The phenomenon known as “Indie” authorship is, when you get down to it, still in its infancy. The possibilities opened up by e-books are a quantum leap from anything that has ever been available to writers before. It has never been anywhere near this easy for someone to get something they have written in front of a huge readership, in a form that is wholly equivalent to what a massive publishing house can produce.
Of course, that also means that it has never been as easy for un-serious writers, deluded hacks, con artists, and other ne’er-do-wells to put their own work up beside everything else, on the same virtual shelf space. In the last twelve months, the word “Indie” has taken some hits, as the dirt done by a few of course lands on everybody. Trad publishers and authors may engage in shady reviewing practices, sock-puppetry, and produce substandard derivative work. But they also have an institutional legacy and reputation that is decades or centuries old to fall back on. The history of “Indies” is the blink of an eye by comparison, and anything that an Indie author does now is still building the definition of what it even means to be Indie.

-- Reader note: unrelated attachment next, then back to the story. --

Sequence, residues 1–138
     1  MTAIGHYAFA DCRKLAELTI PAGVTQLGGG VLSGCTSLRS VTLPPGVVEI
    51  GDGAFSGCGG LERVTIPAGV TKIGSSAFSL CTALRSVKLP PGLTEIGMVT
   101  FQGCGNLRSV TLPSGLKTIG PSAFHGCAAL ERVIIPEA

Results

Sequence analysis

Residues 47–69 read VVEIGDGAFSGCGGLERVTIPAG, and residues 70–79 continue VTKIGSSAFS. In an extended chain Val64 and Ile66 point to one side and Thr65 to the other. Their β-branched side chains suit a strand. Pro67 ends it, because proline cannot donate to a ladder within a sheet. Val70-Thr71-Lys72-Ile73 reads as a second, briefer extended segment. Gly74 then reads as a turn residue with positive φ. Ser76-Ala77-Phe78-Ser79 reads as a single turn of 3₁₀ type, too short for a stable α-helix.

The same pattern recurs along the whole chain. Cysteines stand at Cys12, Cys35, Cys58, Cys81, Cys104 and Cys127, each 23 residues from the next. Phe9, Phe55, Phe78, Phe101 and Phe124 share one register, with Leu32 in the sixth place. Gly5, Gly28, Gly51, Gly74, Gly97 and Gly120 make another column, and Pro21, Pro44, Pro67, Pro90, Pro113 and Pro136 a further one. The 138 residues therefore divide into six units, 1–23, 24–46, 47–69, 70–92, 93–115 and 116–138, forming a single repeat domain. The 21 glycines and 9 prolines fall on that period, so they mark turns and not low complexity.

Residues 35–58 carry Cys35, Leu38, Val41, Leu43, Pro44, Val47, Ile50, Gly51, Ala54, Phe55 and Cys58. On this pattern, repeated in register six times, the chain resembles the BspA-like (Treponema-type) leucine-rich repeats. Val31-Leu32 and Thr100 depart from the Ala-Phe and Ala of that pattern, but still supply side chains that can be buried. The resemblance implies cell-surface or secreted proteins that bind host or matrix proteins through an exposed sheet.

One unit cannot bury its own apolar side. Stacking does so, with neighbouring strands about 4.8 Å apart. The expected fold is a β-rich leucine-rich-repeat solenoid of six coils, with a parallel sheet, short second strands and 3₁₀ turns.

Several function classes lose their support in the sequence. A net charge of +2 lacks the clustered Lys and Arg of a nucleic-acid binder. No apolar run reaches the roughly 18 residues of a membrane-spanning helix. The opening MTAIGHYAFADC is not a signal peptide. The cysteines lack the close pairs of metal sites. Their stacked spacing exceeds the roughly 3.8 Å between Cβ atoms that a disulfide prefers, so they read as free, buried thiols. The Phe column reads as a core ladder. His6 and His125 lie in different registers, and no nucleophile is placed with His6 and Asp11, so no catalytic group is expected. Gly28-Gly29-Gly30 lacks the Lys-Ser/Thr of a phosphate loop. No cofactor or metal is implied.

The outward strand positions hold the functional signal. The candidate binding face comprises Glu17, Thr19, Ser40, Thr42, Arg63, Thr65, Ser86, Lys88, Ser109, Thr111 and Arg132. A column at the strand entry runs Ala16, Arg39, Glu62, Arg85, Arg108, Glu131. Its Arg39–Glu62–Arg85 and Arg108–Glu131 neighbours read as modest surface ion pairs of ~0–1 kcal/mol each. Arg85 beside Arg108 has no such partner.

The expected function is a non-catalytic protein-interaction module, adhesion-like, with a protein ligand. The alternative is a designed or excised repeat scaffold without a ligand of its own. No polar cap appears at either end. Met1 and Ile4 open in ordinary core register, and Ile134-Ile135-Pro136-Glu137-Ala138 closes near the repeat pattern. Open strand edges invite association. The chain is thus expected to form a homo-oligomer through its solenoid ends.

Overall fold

Being involved in a lot of Indie groups at any number of on-line watering holes, it is rare that a whole day goes by where I don’t hear about or see first-hand an example of an Indie writer behaving in such a way that makes it hard to imagine the term is not well on its way to becoming anything but a stigma. There is no shortage of Indie writers acting like dirtbags, and the very openness of this style of publishing means there never will be. Calling them out in public does little but bring retribution upon the caller, while further besmirching the Indie name.
Luckily, there are a few things those of us who would like to see “Indie” stand for something better can do. First, we can produce the best books we are able to produce, to the highest standards of professional we can attain. Second, we can try not to act like whiny, entitled, deranged dirtbags while doing it. Third, we can come together in Indie groups/pages/sites that do encourage professionalism and offer realistic advice on becoming not just better writers, but better marketers, better business people, and better “Indies” altogether.
To my mind, Indies Unlimited remains one of the best places to do just that, and being a part of it for this long has made me proud to still call myself an Indie.
See ya next Friday, by which time I will hopefully have come up with something funnier to say. 😉
M. Edward McNally